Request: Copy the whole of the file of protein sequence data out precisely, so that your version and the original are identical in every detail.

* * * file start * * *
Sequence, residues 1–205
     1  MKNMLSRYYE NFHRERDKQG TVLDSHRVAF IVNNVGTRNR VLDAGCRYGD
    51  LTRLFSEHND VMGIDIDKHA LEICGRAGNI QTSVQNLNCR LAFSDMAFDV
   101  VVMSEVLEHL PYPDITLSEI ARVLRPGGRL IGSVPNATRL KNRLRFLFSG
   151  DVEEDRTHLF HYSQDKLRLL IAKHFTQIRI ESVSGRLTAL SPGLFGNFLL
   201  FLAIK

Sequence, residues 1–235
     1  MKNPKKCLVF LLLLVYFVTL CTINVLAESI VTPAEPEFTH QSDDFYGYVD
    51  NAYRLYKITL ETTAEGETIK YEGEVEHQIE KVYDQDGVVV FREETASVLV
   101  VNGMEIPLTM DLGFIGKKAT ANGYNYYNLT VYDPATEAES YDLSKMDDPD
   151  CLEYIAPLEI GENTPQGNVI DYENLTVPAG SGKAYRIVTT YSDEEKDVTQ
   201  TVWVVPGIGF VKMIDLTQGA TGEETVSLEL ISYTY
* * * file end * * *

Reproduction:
Sequence, residues 1–205
     1  MKNMLSRYYE NFHRERDKQG TVLDSHRVAF IVNNVGTRNR VLDAGCRYGD
    51  LTRLFSEHND VMGIDIDKHA LEICGRAGNI QTSVQNLNCR LAFSDMAFDV
   101  VVMSEVLEHL PYPDITLSEI ARVLRPGGRL IGSVPNATRL KNRLRFLFSG
   151  DVEEDRTHLF HYSQDKLRLL IAKHFTQIRI ESVSGRLTAL SPGLFGNFLL
   201  FLAIK

Sequence, residues 1–235
     1  MKNPKKCLVF LLLLVYFVTL CTINVLAESI VTPAEPEFTH QSDDFYGYVD
    51  NAYRLYKITL ETTAEGETIK YEGEVEHQIE KVYDQDGVVV FREETASVLV
   101  VNGMEIPLTM DLGFIGKKAT ANGYNYYNLT VYDPATEAES YDLSKMDDPD
   151  CLEYIAPLEI GENTPQGNVI DYENLTVPAG SGKAYRIVTT YSDEEKDVTQ
   201  TVWVVPGIGF VKMIDLTQGA TGEETVSLEL ISYTY